A handful of recent news reports earlier this month point to the possibility that a “structural break” in China’s economy led the country’s greenhouse gas emissions to peak in 2014, suggesting the potential for the country to begin drawing down its carbon pollution far sooner than it promised under the Paris Agreement.
China committed in Paris to peak its greenhouse gas emissions “around 2030”, Reuters reports. Lead climate official Xie Zhenhua has said the country could keep that promise sooner. But “in retrospect, the commitment may have been fulfilled even as it was being made”, according to a study in the journal Nature Geoscience that shows the country’s emissions peaking at 9.53 gigatonnes in 2013, then declining over three years to 9.2 Gt in 2016.
“Unless there is a significant amount of change—a large government intervention like the stimulus package of 2008—then China’s emissions will stabilize and gradually go down,” said study co-author Dabo Guan, professor of climate change economics at the University of East Anglia. In May, Greenpeace warned China was “backsliding” on that progress, with emissions rising 2% last year and 4% in the first quarter of 2018. But Guan “said calculations for 2017 are incomplete and fail to take into account rising coal quality, efficiency improvements, or land use changes that could have taken more CO2 out of the system,” Reuters states.
Guan added that the level at which China’s emissions peak is more important than the timing. “Even if we peak in 2019 and 2020, if it reaches 13 gigatonnes it would also be a disaster,” he told Reuters. Which lines up well with a 2018 to 2020 pollution action plan, released in early July by China’s State Council, that calls for the country to reduce its coal consumption, speed up electric vehicle sales, and “shut more outdated steel and coke capacity” over the next three years, according to a separate Reuters dispatch.
“China is in the fifth year of a ‘war on pollution’ aimed at reversing the damage done to the country’s environment since the economy was opened up in 1978,” Reuters explains. The new plan “will expand the fight to 82 cities across China, and confirmed that the major coal-producing provinces of Shanxi and Shaanxi have been added to the list of ‘key’ pollution control regions.” It calls for a 10% reduction in coal consumption between 2016 and 2020 in the Beijing, Tianjin, Hebei, Shandong, and heavily-industrialized Henan regions, as well as a 5% cut in the Yangtze river delta.
The plan bans new steel, coke, and primary aluminum production in the target regions through 2020 and caps steel capacity in Hebei, which accounts for about one-quarter of the country’s output, at 200 million tonnes by 2020, down 30% from the 286 million tonnes it produced in 2013.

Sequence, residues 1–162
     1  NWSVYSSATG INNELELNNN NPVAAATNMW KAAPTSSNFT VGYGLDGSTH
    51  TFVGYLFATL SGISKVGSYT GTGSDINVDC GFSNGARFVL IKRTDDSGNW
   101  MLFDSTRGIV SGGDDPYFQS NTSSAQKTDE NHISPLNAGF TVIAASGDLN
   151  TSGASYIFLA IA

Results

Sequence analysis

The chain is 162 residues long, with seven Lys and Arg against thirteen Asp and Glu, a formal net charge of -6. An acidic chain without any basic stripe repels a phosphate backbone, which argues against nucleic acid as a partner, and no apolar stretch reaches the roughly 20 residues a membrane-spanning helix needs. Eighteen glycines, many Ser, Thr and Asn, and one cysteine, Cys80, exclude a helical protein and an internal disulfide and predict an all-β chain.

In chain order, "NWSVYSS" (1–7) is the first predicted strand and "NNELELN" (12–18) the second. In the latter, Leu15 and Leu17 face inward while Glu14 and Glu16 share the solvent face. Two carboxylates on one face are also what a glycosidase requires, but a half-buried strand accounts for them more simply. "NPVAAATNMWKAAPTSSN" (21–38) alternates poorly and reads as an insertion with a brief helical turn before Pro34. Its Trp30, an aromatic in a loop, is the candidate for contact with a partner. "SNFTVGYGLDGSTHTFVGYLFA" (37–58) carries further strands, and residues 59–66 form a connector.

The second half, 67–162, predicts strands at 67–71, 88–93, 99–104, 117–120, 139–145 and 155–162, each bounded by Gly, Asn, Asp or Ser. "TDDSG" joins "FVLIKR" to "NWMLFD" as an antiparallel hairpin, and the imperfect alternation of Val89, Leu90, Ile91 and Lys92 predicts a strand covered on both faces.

Meanwhile, Quartz is out with a look at five manufacturers, collectively responsible for 70% of China’s battery production for electric vehicles and hybrids, that are backing multiple “gigafactories” in different parts of the country. “While they may not be on the scale of Tesla’s Gigafactory in Nevada, under construction since 2014, and which is aiming for annual production of 35 gigawatt-hours when complete, the Chinese firms are moving fast,” writes correspondent Echo Huang. And none too soon: “The country sold 328,000 new energy vehicles, a term that includes hybrids and pure EVs, as of May, 1.5 times the sales figures of the same period a year earlier.”
But that hasn’t stopped the country from investing in overseas fossil development. Reuters also carried a short post on the more than US$50 billion in oil-for-loan agreements that China has signed with Venezuela over the last decade, an arrangement that has “helped Beijing secure energy supplies for its fast-growing economy while bolstering an anti-Washington ally in Latin America.” After becoming the country’s “principal financier” over the last 10 years, China “has recently cooled on Venezuela amid its economic meltdown and sharply declining oil production,” the news agency stated.
But now, “we have clinched an authorization for direct investment from the China Development Bank, to increase [state oil company] PDVSA’s production, of more than $250 million,” according to a statement attributed to Venezuelan Finance Minister Simon Zerpa. “We are already moving forward specific financing as part of the special $5-billion credit the Chinese government has given to Venezuela for direct investment in production.”